False Knowledge Fields

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May 27, 2015

Over the past several months, we have received many great questions from our readers. Some have been about specific companies, some about valuation processes, and some about general market trends. It's these last that produce the most conversation around the proverbial water cooler. With the market making all-time highs on a near daily basis, we are asked to opine on where we think prices and markets are headed in the future. We think this – along with other areas we categorize as "prognosticating mumbo jumbo" (that's a technical term) – can be highly expensive to investors who rely on our (or anyone else’s) judgments.

False knowledge fields: A definition

George Bernard Shaw once wrote "Beware of false knowledge; it is more dangerous than ignorance." Rather than write about Warren Buffett and Charlie Munger's concept of staying within your circle of competence, we thought we'd change the lens and discuss areas where we might have gobs of data but are simply terrible at correctly estimating trends or outcomes. At Nintai we call these False Knowledge Fields (FKFs) and make sure they play no role in our valuations, investing calculations or investment decisions. We believe FKFs have three major characteristics. These include high amounts of historical data, a proliferation of ever increasingly complex analytical models (with associated acronyms), and an extremely low success rate in predictive calls or recommendations. On Wall Street, there has developed an entire industry around FKFs with trillions of dollars traded on their recommendations and insights. One great example is the use of analyst recommendations in equity selection.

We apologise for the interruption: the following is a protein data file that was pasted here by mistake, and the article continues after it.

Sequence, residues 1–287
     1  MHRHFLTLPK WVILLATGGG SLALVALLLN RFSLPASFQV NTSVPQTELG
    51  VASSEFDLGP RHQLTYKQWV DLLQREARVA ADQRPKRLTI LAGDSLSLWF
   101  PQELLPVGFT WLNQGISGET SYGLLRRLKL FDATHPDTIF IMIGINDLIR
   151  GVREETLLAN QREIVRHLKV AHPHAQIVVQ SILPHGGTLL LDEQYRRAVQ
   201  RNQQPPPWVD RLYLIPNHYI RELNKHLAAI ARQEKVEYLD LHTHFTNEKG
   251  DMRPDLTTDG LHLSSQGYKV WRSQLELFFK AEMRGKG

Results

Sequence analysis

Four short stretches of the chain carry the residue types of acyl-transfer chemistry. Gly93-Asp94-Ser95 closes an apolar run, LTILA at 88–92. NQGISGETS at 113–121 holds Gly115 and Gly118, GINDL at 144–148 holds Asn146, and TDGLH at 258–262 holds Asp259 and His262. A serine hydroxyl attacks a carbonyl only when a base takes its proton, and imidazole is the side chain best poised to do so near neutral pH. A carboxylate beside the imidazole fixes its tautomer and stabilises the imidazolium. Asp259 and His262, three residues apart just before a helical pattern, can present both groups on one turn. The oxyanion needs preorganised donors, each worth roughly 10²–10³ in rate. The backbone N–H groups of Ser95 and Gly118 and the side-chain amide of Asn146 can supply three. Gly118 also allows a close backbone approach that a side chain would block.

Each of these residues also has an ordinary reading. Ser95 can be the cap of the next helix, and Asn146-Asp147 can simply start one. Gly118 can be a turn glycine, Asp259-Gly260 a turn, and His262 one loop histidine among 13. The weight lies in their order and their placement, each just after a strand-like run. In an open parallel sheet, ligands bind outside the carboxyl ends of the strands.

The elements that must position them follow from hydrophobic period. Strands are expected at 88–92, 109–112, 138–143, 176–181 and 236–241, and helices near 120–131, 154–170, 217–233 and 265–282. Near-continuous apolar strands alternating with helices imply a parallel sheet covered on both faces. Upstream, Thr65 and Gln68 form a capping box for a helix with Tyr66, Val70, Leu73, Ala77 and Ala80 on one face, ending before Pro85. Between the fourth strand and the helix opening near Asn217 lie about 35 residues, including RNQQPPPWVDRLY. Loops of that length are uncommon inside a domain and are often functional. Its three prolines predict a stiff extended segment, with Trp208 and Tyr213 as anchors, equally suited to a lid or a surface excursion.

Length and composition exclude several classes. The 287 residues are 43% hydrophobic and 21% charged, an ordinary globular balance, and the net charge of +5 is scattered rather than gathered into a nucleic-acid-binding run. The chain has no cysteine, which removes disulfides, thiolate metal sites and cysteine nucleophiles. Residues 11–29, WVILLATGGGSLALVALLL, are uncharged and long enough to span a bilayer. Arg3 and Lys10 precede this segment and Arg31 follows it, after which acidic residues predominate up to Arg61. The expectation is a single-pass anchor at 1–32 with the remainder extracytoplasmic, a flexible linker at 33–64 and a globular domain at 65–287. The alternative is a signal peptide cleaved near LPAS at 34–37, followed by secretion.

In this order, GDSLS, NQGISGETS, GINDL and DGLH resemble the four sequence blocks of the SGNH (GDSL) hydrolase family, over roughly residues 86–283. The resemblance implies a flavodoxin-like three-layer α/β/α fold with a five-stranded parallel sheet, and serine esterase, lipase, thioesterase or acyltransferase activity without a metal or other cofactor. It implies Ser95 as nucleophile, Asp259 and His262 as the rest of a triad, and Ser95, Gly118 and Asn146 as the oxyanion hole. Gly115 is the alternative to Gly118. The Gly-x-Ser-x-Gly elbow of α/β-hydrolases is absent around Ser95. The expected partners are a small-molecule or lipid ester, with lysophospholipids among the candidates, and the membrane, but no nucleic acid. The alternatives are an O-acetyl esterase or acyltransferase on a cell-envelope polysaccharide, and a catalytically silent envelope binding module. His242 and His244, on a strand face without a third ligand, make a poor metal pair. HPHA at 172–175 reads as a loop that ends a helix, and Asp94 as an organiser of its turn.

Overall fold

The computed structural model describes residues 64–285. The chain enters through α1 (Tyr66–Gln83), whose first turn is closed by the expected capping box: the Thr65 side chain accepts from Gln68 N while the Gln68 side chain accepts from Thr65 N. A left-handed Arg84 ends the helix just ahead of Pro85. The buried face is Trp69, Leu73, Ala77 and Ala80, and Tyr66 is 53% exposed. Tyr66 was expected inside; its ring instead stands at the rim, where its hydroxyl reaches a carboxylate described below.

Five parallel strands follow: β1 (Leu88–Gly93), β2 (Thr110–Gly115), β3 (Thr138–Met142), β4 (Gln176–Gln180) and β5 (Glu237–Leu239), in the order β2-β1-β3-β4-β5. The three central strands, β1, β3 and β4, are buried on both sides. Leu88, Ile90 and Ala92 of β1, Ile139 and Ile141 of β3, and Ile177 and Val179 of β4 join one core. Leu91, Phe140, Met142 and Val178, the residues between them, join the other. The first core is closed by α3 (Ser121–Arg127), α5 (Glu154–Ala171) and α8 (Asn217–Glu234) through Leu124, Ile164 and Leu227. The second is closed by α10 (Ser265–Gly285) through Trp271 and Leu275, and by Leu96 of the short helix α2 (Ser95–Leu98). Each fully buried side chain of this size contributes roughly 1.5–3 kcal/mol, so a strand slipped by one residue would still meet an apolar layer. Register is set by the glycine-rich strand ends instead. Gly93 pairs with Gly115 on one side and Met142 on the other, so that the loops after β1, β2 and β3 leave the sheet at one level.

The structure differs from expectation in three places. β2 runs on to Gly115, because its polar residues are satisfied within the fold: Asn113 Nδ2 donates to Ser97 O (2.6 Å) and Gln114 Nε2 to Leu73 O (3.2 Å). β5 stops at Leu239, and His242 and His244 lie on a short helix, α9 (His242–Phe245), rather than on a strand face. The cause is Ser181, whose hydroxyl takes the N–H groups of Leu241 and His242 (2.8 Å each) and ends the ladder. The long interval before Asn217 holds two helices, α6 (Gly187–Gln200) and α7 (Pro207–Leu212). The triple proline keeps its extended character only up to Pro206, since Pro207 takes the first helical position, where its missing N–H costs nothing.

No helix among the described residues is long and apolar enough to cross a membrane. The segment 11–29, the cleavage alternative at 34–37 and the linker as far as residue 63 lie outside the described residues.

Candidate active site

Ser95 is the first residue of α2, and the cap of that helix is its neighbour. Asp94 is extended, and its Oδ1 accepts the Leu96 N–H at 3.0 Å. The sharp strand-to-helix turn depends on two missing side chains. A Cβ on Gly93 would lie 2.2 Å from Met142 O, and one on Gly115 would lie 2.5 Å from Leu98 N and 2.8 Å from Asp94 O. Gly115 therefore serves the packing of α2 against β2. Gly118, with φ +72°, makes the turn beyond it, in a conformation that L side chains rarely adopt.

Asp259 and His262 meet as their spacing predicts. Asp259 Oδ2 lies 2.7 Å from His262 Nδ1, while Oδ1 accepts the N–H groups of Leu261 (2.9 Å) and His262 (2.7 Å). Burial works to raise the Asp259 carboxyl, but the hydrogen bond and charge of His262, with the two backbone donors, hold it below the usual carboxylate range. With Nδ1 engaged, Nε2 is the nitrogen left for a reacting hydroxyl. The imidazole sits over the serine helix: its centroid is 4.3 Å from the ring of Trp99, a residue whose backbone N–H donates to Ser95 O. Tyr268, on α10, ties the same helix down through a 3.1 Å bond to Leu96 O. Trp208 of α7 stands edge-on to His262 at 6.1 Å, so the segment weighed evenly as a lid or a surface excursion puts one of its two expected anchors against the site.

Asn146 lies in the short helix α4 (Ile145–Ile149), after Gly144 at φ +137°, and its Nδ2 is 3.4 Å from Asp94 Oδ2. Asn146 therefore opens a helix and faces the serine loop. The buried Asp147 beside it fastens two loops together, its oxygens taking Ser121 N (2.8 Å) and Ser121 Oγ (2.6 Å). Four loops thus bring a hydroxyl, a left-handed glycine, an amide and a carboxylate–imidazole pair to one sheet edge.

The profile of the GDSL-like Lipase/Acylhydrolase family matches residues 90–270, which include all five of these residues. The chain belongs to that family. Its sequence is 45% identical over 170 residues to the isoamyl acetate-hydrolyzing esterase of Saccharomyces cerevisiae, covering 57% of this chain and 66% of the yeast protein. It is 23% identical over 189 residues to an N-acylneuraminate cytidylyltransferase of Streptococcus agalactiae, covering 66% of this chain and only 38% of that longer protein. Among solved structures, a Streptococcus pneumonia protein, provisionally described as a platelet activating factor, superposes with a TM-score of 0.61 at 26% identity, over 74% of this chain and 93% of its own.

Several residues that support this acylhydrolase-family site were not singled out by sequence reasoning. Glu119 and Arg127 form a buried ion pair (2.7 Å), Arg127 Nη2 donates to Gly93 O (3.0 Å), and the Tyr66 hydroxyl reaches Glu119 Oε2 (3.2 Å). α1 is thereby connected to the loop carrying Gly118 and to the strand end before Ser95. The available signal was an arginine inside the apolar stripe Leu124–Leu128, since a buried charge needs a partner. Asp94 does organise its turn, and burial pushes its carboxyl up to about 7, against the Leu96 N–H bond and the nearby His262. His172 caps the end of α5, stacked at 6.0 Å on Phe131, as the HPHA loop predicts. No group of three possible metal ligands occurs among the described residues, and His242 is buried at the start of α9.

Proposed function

Buy/Sell/Hold recommendations

In a previous article titled “People We Rarely See And Never Meet: Analysts, Research, And Recommendations” (which can be found here) we discussed how actual performance has little to do with analyst pay and perception. It’s probably a good thing. With roughly 5% of all analyst recommendations being a “sell,” you don’t have to be a remarkable statistician to know their overall performance is unlikely to be very stellar. Seen below is a chart of analyst recommendations during the calendar year of 2011 created by Cullen Roche for FactSet Research[1]:


So does the field of analyst recommendations qualify as a false knowledge field? We think the numbers confirm this. First, by utilizing Bloomberg machines and FactSet data alone, there is an extraordinary amount of data available to analysts. Second, each analyst and research organization has a proprietary research and rating system. Last, there is a preponderance of data showing that analyst recommendations woefully underperform the general markets. When less than 5% of stocks are publicly recommended as “sells,” it doesn't take long before your numbers lag. In this instance, analyst recommendations meet each FKF criterion extraordinarily well.

Why this matters